During the next two months leading up to the Big 12 Media Days in Dallas, Sooners Illustrated will breakdown the Oklahoma Sooners roster, starting with Jarvis Baxter (No. 1 on the roster) and working all the way down to Marquise Overton (No. 98) and the incoming freshmen.
We’ll look at last year’s performance, the best-case scenario for this season – without projecting injuries – and what each player means to the short-term or long-term success of the Sooners.
No. 81 – TE Mark Andrews (6-foot-5, 244 pounds)
19 receptions, 318 yards, 7 touchdowns
What happened last year: Hyped as a red-zone and third-down weapon, Andrews was slow to be involved in the offense until he had a five-touchdown run of catches. And nobody will forget that touchdown catch-and-run against Tulsa (one of two he scored in that game). Andrews became a potent weapon but still had just 19 receptions. The impact he had even with a small number of catches made many wonder how dangerous Andrews could be if he had 40 receptions. It was just Andrews first season on the field. He looked better and better as the year went on, and in the off-season, Andrews made even bigger strides to set up for a dangerous sophomore campaign.
Level of importance for Sooners (1-10): 8. From here, Andrews becomes possibly Oklahoma’s top target for the 2016 season. He and Dede Westbrook will share that role initially, but it’s probable that one will emerge in the wake of Sterling Shepard, who served as the Sooners’ top receiver for almost three years. Westbrook on the outside and Andrews on the inside will provide for a potent combination for quarterback Baker Mayfield. Andrews will need to be a weapon – even more so than he was last year. There’s no reason to think he won’t grow into the role because there will be more passes to go around and he’ll be another year older. Andrews will be to the Oklahoma Sooners what Rob Gronkowski is to the New England Patriots. Andrews isn’t Gronkowski, but he’ll need to play as big a role in the offense as “The Gronk” does for the Patriots.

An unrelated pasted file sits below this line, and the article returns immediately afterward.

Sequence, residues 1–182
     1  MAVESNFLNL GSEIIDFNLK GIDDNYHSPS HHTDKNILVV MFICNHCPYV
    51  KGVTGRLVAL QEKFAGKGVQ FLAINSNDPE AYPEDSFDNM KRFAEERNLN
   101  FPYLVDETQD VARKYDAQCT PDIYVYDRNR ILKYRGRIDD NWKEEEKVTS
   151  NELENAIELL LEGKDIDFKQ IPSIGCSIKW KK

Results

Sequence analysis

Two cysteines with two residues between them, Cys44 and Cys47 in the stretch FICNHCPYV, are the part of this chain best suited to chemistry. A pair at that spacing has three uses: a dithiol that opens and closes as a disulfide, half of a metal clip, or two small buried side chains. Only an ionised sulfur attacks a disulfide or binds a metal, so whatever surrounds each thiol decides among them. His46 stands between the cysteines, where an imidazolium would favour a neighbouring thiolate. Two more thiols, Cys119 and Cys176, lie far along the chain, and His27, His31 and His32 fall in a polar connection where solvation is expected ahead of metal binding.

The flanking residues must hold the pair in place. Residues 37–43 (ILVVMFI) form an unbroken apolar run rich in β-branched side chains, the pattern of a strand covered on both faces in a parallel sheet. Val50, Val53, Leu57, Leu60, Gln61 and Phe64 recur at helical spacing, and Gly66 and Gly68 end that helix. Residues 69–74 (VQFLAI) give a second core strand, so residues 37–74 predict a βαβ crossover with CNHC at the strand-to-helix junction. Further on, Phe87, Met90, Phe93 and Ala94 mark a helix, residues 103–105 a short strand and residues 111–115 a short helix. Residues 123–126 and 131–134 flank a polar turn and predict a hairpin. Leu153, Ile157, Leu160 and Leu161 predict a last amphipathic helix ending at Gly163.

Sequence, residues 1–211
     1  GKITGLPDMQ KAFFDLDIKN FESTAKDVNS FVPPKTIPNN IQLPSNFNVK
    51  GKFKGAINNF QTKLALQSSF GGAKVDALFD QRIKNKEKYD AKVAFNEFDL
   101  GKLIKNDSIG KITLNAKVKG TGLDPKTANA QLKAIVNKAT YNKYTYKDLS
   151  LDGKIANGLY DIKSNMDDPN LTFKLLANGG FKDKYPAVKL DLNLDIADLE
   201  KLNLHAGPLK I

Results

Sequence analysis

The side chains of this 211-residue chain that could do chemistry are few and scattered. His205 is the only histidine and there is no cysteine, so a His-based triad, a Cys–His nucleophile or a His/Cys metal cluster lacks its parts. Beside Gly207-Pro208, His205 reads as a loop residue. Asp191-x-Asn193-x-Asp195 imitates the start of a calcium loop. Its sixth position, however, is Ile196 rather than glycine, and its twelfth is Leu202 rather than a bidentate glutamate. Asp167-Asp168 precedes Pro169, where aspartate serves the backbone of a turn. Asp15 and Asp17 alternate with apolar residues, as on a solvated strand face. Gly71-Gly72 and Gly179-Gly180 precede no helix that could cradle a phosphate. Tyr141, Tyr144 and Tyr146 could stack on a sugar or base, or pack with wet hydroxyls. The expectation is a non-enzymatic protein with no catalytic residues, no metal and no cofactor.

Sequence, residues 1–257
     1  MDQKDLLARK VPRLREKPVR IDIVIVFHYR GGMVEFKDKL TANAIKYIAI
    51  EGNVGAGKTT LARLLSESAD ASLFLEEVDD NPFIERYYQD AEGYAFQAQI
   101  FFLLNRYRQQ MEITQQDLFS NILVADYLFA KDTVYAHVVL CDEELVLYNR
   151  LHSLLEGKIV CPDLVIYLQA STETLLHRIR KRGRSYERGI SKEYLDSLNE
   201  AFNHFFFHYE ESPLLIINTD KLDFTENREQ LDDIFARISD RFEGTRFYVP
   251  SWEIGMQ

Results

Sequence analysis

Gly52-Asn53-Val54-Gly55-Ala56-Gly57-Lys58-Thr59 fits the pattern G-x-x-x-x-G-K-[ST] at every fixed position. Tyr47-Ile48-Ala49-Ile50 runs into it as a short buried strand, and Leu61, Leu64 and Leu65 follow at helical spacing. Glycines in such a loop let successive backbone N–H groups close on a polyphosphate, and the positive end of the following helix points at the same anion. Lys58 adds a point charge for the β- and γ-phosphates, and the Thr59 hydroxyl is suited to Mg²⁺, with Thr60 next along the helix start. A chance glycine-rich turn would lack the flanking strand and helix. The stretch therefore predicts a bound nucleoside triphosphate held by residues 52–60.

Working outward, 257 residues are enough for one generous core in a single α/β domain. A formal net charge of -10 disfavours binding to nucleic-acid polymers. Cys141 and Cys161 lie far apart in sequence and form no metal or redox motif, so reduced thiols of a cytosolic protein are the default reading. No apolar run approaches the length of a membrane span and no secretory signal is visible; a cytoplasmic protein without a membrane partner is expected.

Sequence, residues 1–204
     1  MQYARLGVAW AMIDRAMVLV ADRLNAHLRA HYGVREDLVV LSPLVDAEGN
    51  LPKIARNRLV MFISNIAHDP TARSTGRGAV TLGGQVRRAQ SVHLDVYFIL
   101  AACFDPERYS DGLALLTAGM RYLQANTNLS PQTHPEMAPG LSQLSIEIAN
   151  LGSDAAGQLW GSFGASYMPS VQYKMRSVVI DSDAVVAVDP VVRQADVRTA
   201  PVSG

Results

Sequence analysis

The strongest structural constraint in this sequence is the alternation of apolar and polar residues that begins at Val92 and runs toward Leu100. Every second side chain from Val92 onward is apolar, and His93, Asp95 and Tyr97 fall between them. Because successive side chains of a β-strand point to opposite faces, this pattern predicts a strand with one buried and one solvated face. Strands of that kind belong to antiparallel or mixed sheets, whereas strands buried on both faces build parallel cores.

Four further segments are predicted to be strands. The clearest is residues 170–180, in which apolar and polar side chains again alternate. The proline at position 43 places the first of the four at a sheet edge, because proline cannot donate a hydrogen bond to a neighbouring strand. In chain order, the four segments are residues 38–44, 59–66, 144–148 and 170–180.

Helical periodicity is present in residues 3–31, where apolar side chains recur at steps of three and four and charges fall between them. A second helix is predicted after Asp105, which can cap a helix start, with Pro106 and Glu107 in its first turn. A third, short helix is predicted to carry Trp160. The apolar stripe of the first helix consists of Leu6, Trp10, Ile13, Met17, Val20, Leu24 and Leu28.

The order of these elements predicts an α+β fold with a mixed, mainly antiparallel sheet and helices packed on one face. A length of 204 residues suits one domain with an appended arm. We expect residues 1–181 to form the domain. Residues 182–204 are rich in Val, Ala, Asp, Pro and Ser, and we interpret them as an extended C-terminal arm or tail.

Best-case scenario for this season: Andrews has the skills to be an All-American by the end of the season. He’s a preseason All-Big 12 nominee, so it’s not that big of a jump to third-team All-American at a rarely used position – tight end. He would need to see a big spike in production, but he’s in line to do just that. Andrews could finish with a three-times multiple in catches and receiving yards. That would have him finish with 60 catches for 1,000 yards. Last year, Oklahoma’s top two targets combined for 132 catches and 2,031 yards. And it likely won’t be as one-sided as it was between Shepard and Westbrook last season. There will be a more even split, if everything goes according to plan. So half of that total would be 66 catches and 1,015 yards. Not that distant of a goal. Now for the touchdowns: Expect double-digit scores to be within reach but not a guarantee.